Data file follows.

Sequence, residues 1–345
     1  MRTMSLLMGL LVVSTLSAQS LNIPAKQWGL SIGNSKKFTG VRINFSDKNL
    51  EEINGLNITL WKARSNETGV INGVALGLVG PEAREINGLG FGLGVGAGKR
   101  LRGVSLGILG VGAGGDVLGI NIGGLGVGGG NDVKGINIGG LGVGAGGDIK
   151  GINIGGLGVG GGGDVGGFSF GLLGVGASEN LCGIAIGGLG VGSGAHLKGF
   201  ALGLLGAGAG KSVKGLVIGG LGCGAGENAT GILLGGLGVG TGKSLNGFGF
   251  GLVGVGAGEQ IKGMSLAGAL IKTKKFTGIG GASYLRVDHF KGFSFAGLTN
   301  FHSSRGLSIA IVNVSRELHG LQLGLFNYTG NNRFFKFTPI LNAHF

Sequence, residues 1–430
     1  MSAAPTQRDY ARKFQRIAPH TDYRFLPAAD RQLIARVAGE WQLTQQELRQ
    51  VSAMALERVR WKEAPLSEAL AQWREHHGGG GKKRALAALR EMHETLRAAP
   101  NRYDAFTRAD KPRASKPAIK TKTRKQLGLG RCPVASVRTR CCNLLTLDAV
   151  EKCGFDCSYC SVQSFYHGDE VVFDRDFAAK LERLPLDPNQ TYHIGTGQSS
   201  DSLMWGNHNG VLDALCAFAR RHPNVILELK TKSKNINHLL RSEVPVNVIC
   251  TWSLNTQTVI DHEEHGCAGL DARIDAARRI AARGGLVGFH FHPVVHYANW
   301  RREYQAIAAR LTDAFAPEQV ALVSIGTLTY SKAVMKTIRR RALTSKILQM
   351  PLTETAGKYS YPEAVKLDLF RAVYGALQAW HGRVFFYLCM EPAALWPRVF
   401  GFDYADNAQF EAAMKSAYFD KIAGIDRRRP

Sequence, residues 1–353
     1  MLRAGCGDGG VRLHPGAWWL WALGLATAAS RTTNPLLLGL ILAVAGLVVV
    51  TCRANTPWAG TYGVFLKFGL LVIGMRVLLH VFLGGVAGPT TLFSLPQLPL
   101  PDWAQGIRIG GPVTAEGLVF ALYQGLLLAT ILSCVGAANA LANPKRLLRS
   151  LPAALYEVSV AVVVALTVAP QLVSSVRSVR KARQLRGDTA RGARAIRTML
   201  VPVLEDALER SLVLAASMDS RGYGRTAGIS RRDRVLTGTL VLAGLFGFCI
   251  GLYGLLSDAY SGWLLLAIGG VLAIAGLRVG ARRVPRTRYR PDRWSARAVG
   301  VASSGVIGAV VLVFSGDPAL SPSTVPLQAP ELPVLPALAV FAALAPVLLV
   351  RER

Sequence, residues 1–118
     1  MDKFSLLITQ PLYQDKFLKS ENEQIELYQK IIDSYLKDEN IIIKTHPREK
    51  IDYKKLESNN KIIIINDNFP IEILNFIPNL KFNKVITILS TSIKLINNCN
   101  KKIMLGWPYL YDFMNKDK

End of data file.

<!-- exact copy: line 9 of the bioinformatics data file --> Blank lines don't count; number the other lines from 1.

Sequence, residues 1–430